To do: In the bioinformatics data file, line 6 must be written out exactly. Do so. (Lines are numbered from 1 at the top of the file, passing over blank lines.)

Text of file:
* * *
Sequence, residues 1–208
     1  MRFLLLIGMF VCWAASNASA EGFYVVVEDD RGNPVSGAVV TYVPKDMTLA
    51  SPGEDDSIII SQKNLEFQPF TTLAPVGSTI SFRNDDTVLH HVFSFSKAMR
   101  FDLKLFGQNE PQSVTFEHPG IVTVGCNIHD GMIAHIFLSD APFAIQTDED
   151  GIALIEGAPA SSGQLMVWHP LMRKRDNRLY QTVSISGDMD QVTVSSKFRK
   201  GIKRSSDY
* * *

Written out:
   201  GIKRSSDY